The risk of inflation in the wealthier economies would seem to loom larger for investments than for goods and services.
Some people wonder if we shouldn’t fear deflation right now. I’ll admit, with inflation in the eurozone well below target, deflation would appear to be a bigger risk in 2014 than inflation. That said, I reckon painful deflation is unlikely in either 2014 or 2015. The best defence against deflation is economic growth, of course, and we expect to see growth stage a solid, across-the-board recovery as the year progresses.
*) When talking deflation, we need to look at its causes and distinguish between two types. Deflation resulting from falling import prices or smartly higher productivity tends to be a good thing that helps boost living standards. Deflation turns painful if total demand consistently lags an economy’s production capacity, as prices and incomes fall and demand falls even further – a vicious downward spiral that can be hard to climb out of. A contracting economy is at the centre of this process – which is why I call economic growth the best defence.
4. What are the likely effects of tapering and an end to quantitative easing?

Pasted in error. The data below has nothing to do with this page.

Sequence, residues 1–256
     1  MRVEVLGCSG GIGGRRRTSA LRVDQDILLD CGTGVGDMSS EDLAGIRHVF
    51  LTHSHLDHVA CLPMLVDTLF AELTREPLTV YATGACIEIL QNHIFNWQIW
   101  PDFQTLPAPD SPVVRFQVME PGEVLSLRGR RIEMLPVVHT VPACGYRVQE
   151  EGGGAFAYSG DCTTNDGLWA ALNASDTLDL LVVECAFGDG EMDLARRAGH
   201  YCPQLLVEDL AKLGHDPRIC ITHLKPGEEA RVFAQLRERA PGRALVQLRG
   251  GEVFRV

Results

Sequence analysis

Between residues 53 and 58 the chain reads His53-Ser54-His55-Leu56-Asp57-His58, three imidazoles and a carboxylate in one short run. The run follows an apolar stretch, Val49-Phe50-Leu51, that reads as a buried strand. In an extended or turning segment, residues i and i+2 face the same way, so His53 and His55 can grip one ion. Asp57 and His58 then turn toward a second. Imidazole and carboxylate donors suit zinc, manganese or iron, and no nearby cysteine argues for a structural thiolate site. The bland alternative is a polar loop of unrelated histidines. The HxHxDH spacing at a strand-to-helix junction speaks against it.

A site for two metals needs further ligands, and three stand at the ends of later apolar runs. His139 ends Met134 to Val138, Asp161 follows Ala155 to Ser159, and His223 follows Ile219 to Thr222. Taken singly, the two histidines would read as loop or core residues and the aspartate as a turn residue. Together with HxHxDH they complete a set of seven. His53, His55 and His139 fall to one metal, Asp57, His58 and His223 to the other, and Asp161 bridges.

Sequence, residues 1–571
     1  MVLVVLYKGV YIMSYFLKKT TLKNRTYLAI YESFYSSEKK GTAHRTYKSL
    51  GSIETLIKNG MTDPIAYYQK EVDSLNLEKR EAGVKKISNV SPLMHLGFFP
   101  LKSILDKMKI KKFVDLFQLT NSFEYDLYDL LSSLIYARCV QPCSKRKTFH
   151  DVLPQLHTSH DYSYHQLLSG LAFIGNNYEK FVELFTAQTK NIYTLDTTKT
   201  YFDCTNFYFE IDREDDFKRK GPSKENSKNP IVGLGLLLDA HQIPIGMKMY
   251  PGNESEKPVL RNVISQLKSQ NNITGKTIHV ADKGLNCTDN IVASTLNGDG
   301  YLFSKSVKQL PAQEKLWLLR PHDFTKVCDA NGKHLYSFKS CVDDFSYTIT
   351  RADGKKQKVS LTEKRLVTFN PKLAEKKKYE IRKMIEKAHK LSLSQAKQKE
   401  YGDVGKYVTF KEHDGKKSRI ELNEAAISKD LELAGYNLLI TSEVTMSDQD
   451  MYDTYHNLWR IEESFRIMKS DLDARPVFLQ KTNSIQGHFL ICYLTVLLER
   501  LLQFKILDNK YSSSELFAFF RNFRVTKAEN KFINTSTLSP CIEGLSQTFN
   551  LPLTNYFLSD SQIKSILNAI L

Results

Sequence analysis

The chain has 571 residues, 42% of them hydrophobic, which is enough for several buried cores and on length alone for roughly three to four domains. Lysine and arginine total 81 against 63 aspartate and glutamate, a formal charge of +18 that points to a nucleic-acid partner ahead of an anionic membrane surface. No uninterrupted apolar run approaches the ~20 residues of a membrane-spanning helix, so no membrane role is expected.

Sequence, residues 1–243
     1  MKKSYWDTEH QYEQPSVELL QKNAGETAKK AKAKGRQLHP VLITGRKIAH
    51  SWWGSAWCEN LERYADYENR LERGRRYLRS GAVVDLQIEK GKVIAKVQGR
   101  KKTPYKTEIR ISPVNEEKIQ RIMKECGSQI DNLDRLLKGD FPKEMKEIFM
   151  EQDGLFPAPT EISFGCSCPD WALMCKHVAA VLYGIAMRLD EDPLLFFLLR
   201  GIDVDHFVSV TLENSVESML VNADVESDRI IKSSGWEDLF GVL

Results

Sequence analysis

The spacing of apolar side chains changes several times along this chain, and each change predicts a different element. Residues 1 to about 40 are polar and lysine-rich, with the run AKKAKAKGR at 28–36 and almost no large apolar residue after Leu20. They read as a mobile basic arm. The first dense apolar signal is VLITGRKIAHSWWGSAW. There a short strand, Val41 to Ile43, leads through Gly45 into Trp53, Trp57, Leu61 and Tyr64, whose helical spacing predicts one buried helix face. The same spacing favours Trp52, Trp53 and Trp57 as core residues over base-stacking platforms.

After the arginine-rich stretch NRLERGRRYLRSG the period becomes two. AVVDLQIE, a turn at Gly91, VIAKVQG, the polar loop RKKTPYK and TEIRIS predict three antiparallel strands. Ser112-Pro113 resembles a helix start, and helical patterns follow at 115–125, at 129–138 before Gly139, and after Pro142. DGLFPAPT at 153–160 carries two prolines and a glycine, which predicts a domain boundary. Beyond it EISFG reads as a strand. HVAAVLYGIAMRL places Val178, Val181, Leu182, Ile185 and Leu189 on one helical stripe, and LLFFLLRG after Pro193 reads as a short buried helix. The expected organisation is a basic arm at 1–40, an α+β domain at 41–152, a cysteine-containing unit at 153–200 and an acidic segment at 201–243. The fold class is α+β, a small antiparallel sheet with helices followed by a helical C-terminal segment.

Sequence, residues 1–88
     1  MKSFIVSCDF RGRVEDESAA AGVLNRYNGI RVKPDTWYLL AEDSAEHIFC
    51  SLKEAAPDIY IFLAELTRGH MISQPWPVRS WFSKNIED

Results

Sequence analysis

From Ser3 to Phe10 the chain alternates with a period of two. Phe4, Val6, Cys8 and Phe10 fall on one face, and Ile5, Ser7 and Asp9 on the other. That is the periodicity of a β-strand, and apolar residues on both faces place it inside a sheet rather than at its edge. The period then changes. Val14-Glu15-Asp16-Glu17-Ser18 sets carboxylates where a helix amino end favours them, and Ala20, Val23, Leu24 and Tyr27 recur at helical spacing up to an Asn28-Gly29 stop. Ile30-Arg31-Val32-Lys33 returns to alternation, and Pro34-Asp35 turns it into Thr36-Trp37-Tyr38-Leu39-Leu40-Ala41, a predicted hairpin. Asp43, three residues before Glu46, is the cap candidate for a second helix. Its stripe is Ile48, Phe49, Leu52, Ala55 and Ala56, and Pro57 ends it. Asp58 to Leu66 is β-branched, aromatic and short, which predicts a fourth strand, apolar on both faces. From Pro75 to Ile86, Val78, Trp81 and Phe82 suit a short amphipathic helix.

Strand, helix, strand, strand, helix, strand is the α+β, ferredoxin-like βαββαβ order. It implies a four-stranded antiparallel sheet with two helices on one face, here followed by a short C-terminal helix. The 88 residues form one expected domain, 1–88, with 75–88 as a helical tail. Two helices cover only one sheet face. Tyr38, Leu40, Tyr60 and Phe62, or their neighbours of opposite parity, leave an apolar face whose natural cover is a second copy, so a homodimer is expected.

To be honest, nobody knows – we’re in uncharted territory. I covered this question in a recent study of the different periods of quantitative easing by the Federal Reserve and its tapering ‘test drive’ between May and September 2013.
My research threw up the following conclusions:
1. Bond yield increases are likely to be limited as the markets have already factored in tapering.
2. Equity markets in the developed economies look set for a bumpy ride, but tapering is unlikely to put a stop to rising share prices, as equities tend to be underpinned by economic fundamentals – and these are looking very conducive indeed.
3. The risk of massive capital outflows is highest in the emerging countries, and their currencies and equities are the most vulnerable.
All told, I don´t believe tapering will prove a major force to contend with.
5. What can we expect in terms of business behaviour in the current climate?
Companies have spent the past couple of years cutting costs and are now looking at a very favourable operational leverage. If the economy does pick up, and particularly if it picks up faster than is currently expected, they´d be looking at robust earnings growth. Companies tend to respond in two ways when that happens: they start to invest more – and we’re already seeing the green shoots of greater investment – and they take advantage of cheap capital to enhance their financial leverage, further adding to their profit numbers. I reckon 2014 will turn into a top year for companies, which should see their margins and net earnings expand on the back of more robust growth and greater operational and financial leverage. We’ll then embark on a period of pay increases and falling profit margins, but that will probably not be until well into 2015.
Although I´m altogether sanguine about 2014, I wouldn´t say that I´ve turned into a raging bull. The university of hard knocks has taught me not to be complacent, so here’s a serious look at the risks.
a. Tapering and the end to quantitative easing